Brother Eberhardt records that Pratt has, in fact, measured out for himself three-quarters rather than one-half of the 1,000 acres of lot 24, and furthermore, that Sherman and Adams have re-surveyed the line, transferring an additional 100 acres of land to the Indians. The Connecticut General Assembly appoints Jabez Swift Overseer at the request of the Tribe and endorsement by the Moravian Missionaries. Privately, Overseer Jabez Swift reports to Moravian Brother Jungmann that he has assumed guardianship over the tribe.


New York’s right to tax the Hawley Patentees is documented in a 1761 Quit Rent Assessment, which shows assessment for the 80 lotts of the Oblong only. (The Schaghticoke were still making basket rounds into the Ten Mile River Valley a century later. Even after the Christian Indians were driven out by the colony, the Schaghticoke of Connecticut continued to make their annual excursions through the valleys of Amenia till after the beginning of the 19th century.)


Schaghticoke men join the Continental Army, serving as scouts, signal corps, and soldiers in the Revolutionary War.


United States Constitution is enabled, and requires the Union to uphold the “treaty” between the king and Indians who had been under the protection of the Crown.


United States Congress passes the Non-Intercourse Act, which stipulates Congressional control over sale of Indian lands.


Schaghticoke Benjamin Chickens started a farm only to be forced to leave in 1800 when Connecticut sold the reservation’s north end (the General Assembly reimbursed Chickens with $100).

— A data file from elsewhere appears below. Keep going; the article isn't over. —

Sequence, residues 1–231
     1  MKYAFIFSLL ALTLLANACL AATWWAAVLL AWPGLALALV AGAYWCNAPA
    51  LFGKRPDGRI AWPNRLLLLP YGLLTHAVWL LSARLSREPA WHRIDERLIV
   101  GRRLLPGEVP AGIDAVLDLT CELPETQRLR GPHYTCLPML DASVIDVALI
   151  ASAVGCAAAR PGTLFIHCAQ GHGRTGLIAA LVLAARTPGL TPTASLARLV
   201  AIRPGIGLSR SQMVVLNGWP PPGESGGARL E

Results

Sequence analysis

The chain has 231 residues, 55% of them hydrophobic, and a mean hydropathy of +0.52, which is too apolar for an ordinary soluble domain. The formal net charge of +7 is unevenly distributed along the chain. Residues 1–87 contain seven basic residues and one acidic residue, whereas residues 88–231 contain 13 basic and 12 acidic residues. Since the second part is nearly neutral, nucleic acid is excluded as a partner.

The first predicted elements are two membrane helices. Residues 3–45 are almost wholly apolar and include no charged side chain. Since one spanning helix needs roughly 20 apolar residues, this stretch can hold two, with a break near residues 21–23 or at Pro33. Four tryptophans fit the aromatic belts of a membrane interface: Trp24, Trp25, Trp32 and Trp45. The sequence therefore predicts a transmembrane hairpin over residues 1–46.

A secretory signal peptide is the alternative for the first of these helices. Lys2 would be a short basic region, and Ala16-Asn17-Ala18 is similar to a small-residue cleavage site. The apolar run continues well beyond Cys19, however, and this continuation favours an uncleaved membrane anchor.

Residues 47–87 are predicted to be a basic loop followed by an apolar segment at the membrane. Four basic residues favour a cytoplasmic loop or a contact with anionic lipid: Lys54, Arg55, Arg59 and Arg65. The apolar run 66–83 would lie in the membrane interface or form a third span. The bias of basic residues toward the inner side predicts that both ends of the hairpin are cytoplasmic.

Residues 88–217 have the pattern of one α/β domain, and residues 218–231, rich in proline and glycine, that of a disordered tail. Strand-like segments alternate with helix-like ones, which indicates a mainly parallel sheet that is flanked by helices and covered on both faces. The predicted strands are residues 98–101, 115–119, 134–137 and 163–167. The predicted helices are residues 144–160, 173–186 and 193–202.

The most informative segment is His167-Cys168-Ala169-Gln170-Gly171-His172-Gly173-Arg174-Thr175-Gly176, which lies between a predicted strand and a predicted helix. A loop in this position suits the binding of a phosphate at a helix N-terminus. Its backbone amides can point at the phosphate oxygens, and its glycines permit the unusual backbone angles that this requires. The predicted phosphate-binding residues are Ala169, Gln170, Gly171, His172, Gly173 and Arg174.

The Schaghticoke were still making basket rounds into the Ten Mile River Valley. A local historian had written that ‘even after the Christian Indians were driven out by the colony, the Schaghticoke of Connecticut continued to make their annual excursions through the valleys of Dover and Amenia till after the beginning of the 19th century.


The Indian reservation in Connecticut has been reduced to less than 3 miles in length due to land sales, but Schaghticoke woman Sophia Rice acquires more than that by owning land across the boundary line that New York runs alone by that time. Rice’s wealth is mentioned in New York’s 1870 census. After Tribal overseers sell off much of the Tribe’s land, Reservation dwindles to several hundred mountainous acres and a resident population less than 100.


A purchase of Schaghticoke land is thwarted, indicating that while Schaghticoke claims have faded from view, they have not disappeared. (In early 1900s, New Milford Power Company signs 99 year lease for land and builds dam, flooding Tribal burial grounds.)


Schaghticoke Indians enumerated as Federal Indian Tribe on Federal Census.


Benton MacKaye encounters jurisdictional issues when attempting to run the Appalachian Trail through a portion of the Taconic Mountains. While serving as chairman of the Taconic State Park Commission, Franklin D. Roosevelt concludes that the New York map of the proposed and acquired State Parkland in the Taconic Hove Out is dubious. It is a full decade later before Connecticut’s remaining Indian tribes are transferred to the jurisdiction of Parks and Forest.